When facing the death of a spouse, you’ll want to a plan and team in place to help you make the transition as smooth as possible, at least financially. Here are some of the steps you need to take as you move forward:
1. Continued Income
Ongoing income after the death of a spouse is always a necessity, especially if they were the primary breadwinner. You need to know what money will continue coming in or what money you can no longer count on. For example, your spouse’s Social Security benefits will go into play, but exactly how much will be contingent on the number of dependents you will support. The necessary paperwork will need to be filed, not just for Social Security, but also any pension benefits you might be privy to. There are several vehicles of income you may be entitled to; however, you need to know what they are and fill out the necessary paperwork to ensure you receive the income.
2. Varying Benefits
These benefits run the gamut, from annuities, life insurance policies, and beneficiary accounts, to name a few. Dealing with life insurance after the death of a spouse is usually a highly emotional component for the surviving partner. The lump in my throat and the gutwrenching knots in my stomach were overwhelming as I helped my mother file that claim after my father passed. It’s crucial to find all existing policies and file the appropriate paperwork as soon as possible. If you fail to do so, you could delay the financial benefits you are entitled to. Employing an expert to help in this area can be worthwhile. Not only will it help ensure everything is correctly filed, but it may allow you to avoid some of the emotional baggage from doing it on your own.
3. Closing of the Estate
Probate mistakes can be costly. That’s why I implore you to close out an estate efficiently. If the deceased adequately planned, the probate tends to be simple. However, if no planning was done prior to the death of a spouse, that can lead to a disaster that only an estate attorney can help you get in order. One mistake I saw a client make was after the death of their spouse, they never probated the estate. So when the other spouse passed, there was over $90,000 in past probate expense that still needed to be dealt with. During probate, you want to let creditors know about the passing. You must also close bank accounts, online accounts, credit cards, etc. Contracts may need to change, names removed from phone bills, and other things of this nature. The primary goal is to close out the digital footprint of the deceased individual.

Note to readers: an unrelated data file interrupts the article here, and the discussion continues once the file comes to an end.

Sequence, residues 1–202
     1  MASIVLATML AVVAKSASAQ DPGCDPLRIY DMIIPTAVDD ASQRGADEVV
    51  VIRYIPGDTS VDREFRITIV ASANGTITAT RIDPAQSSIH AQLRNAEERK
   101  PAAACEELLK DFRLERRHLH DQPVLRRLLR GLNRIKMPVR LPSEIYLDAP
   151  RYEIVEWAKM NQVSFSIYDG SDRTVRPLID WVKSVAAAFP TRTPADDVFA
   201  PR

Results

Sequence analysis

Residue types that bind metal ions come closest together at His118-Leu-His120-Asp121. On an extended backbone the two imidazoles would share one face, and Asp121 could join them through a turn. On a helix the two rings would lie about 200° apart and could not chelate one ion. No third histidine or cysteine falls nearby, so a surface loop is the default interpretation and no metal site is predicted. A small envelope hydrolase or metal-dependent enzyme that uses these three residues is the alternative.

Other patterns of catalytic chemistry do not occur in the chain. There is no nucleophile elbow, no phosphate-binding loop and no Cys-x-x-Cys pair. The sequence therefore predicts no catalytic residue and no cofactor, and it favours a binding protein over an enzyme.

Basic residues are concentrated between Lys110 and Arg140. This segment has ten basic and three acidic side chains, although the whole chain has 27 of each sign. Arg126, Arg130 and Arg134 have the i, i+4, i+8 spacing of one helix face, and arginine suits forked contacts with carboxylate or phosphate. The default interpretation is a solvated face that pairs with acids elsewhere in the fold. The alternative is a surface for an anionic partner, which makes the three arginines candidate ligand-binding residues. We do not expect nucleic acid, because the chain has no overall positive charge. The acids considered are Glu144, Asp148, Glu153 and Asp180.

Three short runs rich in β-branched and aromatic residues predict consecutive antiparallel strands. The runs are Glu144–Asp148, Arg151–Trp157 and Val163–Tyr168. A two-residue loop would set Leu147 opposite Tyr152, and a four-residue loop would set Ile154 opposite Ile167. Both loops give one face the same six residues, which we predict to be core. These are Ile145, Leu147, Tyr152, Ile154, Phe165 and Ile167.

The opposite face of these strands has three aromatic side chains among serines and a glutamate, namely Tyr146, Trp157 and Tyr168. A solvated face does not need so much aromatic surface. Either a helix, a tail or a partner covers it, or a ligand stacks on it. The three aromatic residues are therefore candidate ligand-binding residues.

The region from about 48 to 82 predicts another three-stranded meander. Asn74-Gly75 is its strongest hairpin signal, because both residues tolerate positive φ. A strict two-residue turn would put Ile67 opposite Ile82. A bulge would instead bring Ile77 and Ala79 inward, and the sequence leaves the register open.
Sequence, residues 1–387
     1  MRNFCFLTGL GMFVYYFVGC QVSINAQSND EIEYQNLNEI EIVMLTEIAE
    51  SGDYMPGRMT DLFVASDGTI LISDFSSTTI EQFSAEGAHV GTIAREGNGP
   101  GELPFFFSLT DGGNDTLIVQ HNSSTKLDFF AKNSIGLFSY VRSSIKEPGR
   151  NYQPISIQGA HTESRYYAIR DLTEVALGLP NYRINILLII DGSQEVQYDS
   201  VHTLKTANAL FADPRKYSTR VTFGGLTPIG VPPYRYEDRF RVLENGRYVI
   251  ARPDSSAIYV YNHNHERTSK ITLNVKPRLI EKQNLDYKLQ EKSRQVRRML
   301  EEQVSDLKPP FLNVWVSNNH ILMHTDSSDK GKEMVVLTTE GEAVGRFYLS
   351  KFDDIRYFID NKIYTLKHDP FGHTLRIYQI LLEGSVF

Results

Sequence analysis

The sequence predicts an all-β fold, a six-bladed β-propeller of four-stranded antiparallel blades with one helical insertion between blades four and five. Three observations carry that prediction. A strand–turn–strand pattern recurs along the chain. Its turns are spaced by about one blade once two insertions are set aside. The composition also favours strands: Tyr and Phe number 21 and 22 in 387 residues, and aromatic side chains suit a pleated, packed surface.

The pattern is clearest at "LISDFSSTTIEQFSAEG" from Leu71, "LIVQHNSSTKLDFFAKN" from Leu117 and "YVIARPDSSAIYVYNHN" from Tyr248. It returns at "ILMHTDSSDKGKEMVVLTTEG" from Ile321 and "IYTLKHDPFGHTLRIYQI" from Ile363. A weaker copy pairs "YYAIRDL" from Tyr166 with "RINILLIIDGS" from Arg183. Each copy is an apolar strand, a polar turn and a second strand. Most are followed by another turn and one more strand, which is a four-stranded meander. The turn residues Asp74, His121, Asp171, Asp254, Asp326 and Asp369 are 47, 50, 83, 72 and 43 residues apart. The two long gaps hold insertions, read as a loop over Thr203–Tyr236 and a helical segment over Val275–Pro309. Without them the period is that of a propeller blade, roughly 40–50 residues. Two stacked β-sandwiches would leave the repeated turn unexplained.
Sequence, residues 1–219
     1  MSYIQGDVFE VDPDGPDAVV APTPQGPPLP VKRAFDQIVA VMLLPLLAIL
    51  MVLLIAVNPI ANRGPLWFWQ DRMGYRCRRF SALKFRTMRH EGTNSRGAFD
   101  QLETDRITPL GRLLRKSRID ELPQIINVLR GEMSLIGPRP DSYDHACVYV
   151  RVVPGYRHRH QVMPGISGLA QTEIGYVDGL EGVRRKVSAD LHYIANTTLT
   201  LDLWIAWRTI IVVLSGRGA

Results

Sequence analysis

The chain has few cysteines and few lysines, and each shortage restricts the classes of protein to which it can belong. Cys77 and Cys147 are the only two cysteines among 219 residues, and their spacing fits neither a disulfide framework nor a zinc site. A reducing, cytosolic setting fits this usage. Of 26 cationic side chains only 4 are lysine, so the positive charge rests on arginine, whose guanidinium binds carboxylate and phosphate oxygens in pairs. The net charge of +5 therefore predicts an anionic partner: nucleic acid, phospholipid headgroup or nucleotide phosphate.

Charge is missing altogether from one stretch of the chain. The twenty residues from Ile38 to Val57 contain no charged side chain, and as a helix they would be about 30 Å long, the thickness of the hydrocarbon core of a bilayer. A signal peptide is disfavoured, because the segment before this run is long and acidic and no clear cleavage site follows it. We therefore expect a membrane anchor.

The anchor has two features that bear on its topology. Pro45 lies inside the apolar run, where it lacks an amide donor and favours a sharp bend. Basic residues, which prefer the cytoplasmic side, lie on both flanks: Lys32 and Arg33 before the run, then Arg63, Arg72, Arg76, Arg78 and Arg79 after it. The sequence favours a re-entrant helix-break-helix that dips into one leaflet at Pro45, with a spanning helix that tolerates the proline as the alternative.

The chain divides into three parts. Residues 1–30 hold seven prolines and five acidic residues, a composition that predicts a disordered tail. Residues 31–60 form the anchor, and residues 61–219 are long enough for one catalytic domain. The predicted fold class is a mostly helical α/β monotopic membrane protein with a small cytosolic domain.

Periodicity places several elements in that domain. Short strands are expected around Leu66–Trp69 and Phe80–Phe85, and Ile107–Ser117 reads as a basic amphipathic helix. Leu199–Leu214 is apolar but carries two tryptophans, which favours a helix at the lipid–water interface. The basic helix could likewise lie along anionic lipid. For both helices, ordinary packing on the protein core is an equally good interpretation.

4. Asset Retitling
Once a spouse expires, assets need to be moved into the name of the surviving spouse. Changes need to be made to automobiles, bank accounts, real estate, even IRAs! As with any change, this will take time. It is not an overnight process. That’s why having someone who understands the process could move things along more quickly. Turn to your lawyer or CERTIFIED FINANCIAL PLANNER™. Having qualified help is essential to a smooth transition.
5. Filing Final Tax Returns
Once a someone has passed, there will still be taxes that need to be paid. Just like closing a business doesn’t erase that tax footprint, neither does the death of a spouse. A final tax return MUST be filed. I highly recommend help in this area. Working with a CFP® and a Certified Public Accountant (CPA) can help make sure the final tax return is properly completed. Unnecessary mistakes could increase your tax liability, harming you, the surviving spouse in the end. A CFP® and a CPA can work hand in hand to minimize taxes on any inherited monies. They can also offer various investment strategies to help reduce your taxable income.
Far too often I see critical matters overlooked during the death of a spouse. Let this list help keep you on track when the time comes. In doing so, you could ensure the security of your financial future. After all, no one should be forced to shoulder the burden of dealing with financial crises alone during such a devastating time like the death of a spouse. Surround yourself with an experienced team to help you with the paperwork, allowing you peace of mind so that you can begin walking the path to emotional healing.